For the (very) general case, see Theorem 4.83 in [Kelly, _Basic concepts of enriched category theory_]. It’s somewhat confusing that Kelly refers to these functors as “accessible”.

]]>Actually, I think it stems from the fact that the natural numbers are inadequately defined. For example, multiplication is commutative on the natural numbers, and each natural has a unique prime factorization. But, there are no infinitely long natural numbers, for if I had a box containing all the prime numbers, and I chose one at random handing it to you to handle the commutativity part and form the prime factorization of some “number”, in theory, I could hand you a 2, then an infinite number of other primes before I handed you another 2, so how would you invoke commutativity on an infinite string of primes? Moreover, in some book on number theory, I think it was either Hardy or Apostol, it showed that the termination or periodicity in the decimal expansions of rational numbers with respect to some base is determined by the exponents of the remaining primes in the denominator after reducing and factoring out the base. By this reasoning, we should find that irrational numbers are really just ratios of infinite products of primes, so that the decimal expansion is actually cyclic, just infinitely so. This is actually a fact since for each real number we can create an infinite sum converging to said real number, each of whose terms in the rationals. Yet, in transforming such a sum into an infinite product, these infinite ratios are not in the rationals, since the numerator and denominator are not in the integers since they are not in the naturals since they are infinitely long. And also, in every single proof of irrationality I have ever seen, there is a deduction assuming “reducibility” or something logically equivalent to it. Now, “reducibility” in terms of the current definition of the rationals, therefore definition of the integers, therefore definition of the naturals, is well-defined, but on the other hand, how could one “reduce” an infinitely long product? You can only “reduce” if the infinite sequence of powers of the primes in both of these prime factorizations terminates, thus leaving you with the current definitions of the rationals as “reducible” and naturals as “countable”. There doesn’t seem to be any intuitive way to circumvent these inconveniences and expand these concepts either, so, like you, until there is, I don’t trust any uncountable set.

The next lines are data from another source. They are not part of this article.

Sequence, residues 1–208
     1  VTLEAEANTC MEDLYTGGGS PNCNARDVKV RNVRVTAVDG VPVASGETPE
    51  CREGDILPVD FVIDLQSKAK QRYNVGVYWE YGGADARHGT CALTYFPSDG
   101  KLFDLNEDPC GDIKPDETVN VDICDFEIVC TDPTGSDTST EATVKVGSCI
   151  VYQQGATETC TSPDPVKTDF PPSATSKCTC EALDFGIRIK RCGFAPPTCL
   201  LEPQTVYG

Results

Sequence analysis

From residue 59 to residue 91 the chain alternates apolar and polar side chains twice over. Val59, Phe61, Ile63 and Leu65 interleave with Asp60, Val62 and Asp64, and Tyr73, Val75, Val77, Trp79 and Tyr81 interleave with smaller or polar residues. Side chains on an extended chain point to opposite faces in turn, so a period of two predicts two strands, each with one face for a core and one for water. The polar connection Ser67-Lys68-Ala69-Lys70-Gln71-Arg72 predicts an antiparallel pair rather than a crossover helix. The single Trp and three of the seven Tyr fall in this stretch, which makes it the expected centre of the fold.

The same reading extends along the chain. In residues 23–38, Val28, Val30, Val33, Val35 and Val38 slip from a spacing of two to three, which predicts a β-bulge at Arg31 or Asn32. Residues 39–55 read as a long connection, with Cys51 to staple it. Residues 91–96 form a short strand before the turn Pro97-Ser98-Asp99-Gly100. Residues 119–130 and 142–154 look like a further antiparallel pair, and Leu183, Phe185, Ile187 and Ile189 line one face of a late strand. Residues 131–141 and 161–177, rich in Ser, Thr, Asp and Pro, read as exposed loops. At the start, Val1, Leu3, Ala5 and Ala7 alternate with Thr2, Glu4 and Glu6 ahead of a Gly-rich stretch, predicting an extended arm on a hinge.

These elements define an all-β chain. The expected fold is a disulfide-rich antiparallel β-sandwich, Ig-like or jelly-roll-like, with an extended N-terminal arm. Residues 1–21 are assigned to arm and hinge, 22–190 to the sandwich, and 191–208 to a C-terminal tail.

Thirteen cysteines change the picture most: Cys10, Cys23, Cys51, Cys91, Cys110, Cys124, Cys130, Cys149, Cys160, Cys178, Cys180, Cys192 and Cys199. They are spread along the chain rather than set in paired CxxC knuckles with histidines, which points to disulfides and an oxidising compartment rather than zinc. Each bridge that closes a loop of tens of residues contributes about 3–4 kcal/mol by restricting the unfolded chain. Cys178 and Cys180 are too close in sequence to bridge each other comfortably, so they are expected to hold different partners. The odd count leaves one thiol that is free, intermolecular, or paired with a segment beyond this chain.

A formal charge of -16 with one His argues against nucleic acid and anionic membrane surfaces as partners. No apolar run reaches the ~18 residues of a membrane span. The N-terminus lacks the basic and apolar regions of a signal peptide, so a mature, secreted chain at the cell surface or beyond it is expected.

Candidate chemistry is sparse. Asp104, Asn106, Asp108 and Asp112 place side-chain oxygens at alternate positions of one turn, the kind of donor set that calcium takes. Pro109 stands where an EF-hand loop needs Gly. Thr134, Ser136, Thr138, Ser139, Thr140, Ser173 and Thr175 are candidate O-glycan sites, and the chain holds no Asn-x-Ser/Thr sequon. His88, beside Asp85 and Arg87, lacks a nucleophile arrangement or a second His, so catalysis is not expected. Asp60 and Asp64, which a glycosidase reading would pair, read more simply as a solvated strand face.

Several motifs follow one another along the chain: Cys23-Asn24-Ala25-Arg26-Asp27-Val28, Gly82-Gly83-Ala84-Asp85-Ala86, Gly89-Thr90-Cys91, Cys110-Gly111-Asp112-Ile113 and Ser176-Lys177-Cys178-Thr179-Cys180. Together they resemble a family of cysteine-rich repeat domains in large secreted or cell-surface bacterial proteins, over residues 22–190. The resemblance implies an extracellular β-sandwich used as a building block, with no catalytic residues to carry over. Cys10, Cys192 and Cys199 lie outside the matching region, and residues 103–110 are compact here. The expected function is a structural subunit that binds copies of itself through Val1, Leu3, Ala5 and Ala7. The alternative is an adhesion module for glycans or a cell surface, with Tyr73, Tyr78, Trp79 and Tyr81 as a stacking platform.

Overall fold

In other words, I believe that the inadequacy in the current definition of the naturals and everything that comes from them to be the fact that we expect them to be countable. I think this is just a property that some person came up with and then some other assumed to hold for the entire set of naturals. Likewise, with reducibility in the rationals.

Above all else, I think that in the current epsilon-delta approximations of analysis, the only thing guaranteed about the real numbers is an approximation to them by some countable group.

]]>Different possibilities arise from using goroupoids, since group objects in groupoids, or, equivalently, , groupoid objects groups, are equivalent to crossed modules, which are in some sense “more nonabelian” than groups, and should be thought of as 2-dimensional groups, since they model weak, pointed, homotopy 2-types. There is much more on this in my expository article

R. Brown `Groupoids and crossed objects in algebraic topology’,

Homology, homotopy and applications, 1 (1999) 1-78.(electronic)

which also contains a matrix version of the Eckmann-Hilton argument,

This also explains about the use of certain kinds of double groupoids, which have advantages over the commonly used 2-groupoids. A homotopy strict double groupoid is defined for a pointed pair of spaces, $(X,A,x)$ and is “equivalent” to the second relative homotopy group of the pair, considered as a crossed module. One takes homotopy classes of maps of a square to $X$ which take the edges of the square to $A$ and the vertices to the base point. I find these much easier to use than the globular 2-groupoids, and

I get confused about the use of the term “fundamental 2-groupoid” of a space, since it is not a strict structure, even in dimension 1!